"Many people who come to see me are worn out mentally and physically. They have often lost perspective and don't know what they want out of life. And this means they are unable to lift themselves above their situations and see new opportunities. Sadly, these are the people who don't follow through with programmes."
Tuck often recognises symptoms of depression and anxiety in her clients and encourages them to seek appropriate help.
"Work, both mental and physical, results in fatigue that limits cognitive and bodily resources,"says Ken Matos of the USA Families and Work Institute. "When people are not thinking clearly or moving as quickly or precisely, they must work more slowly to maintain quality and safety requirements."
Among industrial workers, overtime raises the rate of mistakes and safety mishaps; likewise, for knowledge workers fatigue and sleep-deprivation make it hard to perform at a high cognitive level. And the effects are cumulative. A study of Wall St bankers working 100 hours a week showed the bankers starting to break down in their fourth year on the job. They suffered from depression, anxiety and immune-system problems, and performance reviews showed their creativity and judgment declining. Last October, Goldman Sachs told its junior investment-banking analysts to stop working on Saturdays and all its analysts to work no more than 70-75 hours a week on average.
Some employers provide benefits such as lunches, snacks, a gym and childcare, and while this could be seen as encouraging employees to stay longer at work, Tuck says this is not usually the case. "Interestingly, this is more likely to be in new and what we would see as progressive organisations with younger employees. The rationale is that staff are happier in these environments, which is probably true. The organisations generally already expect employees to work overtime, but they have chosen to make it easier to do so. This generates quite a lot of goodwill towards employers, and the environments I have seen are very positive places to work."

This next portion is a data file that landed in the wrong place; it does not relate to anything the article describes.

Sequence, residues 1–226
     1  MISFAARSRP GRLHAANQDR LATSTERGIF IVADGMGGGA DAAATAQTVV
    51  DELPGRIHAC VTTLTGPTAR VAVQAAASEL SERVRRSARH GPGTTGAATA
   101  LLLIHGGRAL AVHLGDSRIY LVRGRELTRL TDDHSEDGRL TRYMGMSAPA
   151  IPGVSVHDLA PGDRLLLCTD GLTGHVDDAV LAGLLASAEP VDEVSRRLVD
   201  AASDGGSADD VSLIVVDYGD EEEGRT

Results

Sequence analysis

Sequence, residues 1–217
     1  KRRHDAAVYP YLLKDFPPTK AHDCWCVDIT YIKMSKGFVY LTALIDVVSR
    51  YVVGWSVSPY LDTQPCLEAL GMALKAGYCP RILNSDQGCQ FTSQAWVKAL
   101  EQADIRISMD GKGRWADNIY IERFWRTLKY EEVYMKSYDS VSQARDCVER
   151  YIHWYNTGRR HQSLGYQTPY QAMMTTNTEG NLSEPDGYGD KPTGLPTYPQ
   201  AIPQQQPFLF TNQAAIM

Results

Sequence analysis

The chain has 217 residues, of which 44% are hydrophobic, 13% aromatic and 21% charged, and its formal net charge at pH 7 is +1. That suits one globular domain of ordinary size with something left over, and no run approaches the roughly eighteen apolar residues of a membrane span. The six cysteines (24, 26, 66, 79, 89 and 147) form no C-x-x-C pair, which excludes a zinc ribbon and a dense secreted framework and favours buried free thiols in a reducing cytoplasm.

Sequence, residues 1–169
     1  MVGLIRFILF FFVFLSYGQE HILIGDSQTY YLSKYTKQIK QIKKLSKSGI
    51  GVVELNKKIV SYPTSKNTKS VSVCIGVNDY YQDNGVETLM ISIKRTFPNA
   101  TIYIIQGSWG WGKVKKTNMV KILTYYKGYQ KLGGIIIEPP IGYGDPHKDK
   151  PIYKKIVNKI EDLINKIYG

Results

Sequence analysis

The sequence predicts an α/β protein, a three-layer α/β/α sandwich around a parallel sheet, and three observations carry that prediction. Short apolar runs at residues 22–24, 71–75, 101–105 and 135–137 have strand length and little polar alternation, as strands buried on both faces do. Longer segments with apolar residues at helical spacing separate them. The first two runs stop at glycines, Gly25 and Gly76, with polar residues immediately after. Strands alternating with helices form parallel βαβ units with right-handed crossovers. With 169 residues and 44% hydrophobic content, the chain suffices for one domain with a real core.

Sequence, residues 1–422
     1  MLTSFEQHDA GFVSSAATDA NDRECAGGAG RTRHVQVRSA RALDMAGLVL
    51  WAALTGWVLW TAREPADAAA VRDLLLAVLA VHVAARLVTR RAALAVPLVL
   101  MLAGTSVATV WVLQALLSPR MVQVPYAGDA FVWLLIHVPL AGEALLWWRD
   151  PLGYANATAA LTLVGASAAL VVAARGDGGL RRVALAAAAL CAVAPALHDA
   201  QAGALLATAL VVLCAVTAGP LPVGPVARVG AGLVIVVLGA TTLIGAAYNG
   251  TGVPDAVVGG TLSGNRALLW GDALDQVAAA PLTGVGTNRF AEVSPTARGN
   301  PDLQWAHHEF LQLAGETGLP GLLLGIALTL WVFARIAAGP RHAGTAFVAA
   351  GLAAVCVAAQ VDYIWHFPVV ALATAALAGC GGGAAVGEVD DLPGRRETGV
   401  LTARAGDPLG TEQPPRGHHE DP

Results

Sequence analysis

Psychotherapist Zoe Krupka says many people who visit her Melbourne practice ask what they can do to manage it all better. "They think there's something wrong with them because they just can't seem to live and work at the same time. We're working longer hours than ever before, and as our employment conditions continue to worsen, they're simply repackaged into a new version of normal in an effort to make the truly pathological state of many of our workplaces appear acceptable."
Krupka says corporate stress management training and the burgeoning multibillion-dollar wellness industry trade on the culture of overwork. "No amount of multivitamins, yoga, meditation, exercise, super foods or extreme time management is going to save us from the effects of too much work," she says. "This is not something we can adapt to. The insidious culture of overwork is deafening and the only way we can really feel better is if we can find a way to make it stop."